21411-largeAnother great piece of work by Bob Ludwig is New Favorite by Alison Krauss + Union Station. This album is noted for great clarity in vocals, maintaining solid, crisp levels for the rest of the sonic space, too.  Everything is mixed into a great soft texture that will fill up any room.  A lot of the popularity of this album – which charted on Billboard for both Country and Bluegrass categories – comes from the fact that Alison Krauss also appeared on the exceedingly popular O Brother, Where Art Thou? soundtrack the same year as New Favorite debuted.

6675-largeWith over 10 million sales across all albums, Deep Forest is perhaps one of the most popular world music groups around.  Their debut self-titled Deep Forest album accounts for nearly a third of those 10 million sales alone.  Deep Forest was mastered by Vlado Meller at Sony’s New York studios, and it demonstrates a wide range of sonic qualities, all mastered together as one cohesive unit.  If you want some good sounding lossless reverb, this is the album for you.  Though the group is still active, the only album to outsell their debut has been 1995’s Boheme, with over 4 million sales worldwide.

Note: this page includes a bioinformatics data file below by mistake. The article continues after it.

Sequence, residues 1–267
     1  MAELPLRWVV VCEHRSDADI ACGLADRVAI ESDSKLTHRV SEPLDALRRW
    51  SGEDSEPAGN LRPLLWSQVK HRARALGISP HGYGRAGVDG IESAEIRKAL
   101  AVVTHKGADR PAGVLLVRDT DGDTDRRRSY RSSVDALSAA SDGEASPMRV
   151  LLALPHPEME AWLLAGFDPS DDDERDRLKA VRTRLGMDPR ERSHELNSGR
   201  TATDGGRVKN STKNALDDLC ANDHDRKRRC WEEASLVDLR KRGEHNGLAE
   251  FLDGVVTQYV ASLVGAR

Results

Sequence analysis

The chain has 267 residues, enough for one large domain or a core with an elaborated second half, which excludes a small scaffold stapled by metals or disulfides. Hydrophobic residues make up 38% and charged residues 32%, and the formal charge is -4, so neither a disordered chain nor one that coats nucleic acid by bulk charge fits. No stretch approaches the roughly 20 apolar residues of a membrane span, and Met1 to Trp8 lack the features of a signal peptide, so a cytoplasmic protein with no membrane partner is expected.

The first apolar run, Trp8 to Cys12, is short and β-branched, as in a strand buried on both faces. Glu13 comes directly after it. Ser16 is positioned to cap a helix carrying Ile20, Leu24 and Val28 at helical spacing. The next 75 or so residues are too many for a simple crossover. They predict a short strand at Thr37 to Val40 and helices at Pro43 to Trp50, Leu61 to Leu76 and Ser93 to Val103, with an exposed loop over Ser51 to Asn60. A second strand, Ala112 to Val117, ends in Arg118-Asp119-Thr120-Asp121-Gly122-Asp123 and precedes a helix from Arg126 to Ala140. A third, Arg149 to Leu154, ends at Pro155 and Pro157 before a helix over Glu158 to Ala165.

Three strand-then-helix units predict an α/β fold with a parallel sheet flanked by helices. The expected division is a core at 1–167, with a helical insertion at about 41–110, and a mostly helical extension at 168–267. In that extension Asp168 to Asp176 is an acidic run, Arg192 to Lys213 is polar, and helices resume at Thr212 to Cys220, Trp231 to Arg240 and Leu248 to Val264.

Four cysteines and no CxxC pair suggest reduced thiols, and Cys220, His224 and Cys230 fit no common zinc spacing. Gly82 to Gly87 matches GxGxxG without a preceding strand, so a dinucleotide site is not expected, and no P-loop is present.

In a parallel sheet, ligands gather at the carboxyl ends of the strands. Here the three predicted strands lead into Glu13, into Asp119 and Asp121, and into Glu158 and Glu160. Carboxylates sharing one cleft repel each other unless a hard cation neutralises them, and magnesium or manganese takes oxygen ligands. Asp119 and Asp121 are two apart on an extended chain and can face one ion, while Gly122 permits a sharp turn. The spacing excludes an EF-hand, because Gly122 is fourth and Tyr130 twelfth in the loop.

59377-largeGeorge Duke was a master and pioneer of the keyboard, dominating the world of jazz, as well as mainstream music.  Unfortunately, Duke passed away earlier this month, but his legacy is huge to say the least.  Many of Duke’s newer recordings were mastered by John Vestman and mixed by Erik Zobler, and are used as reference discs for how keyboards should sound.  Duke’s solid arrangements make for very clear, wide recordings that sound great on headphones or high-end systems.  I personally recommend CoolIs Love Enough? and Dukey Treats.

Now that you have some of my picks for lossless listening, I’d like to hear yours!  What album(s) do you think sound the best, particularly in a lossless format?  Leave a comment below, and we’ll give it a spin at Murfie HQ.

Shopkeep of the Week

What were you up to on April 15th, 2011? Micah was joining Murfie on that day! (Woot!)

Shortly after that, he sent a kit of about 500 discs all the way from Mequon, WI…to Madison, WI! And he’s sold a bunch of them so far. We asked this hardcore Murfie guy a few questions about him and his collection.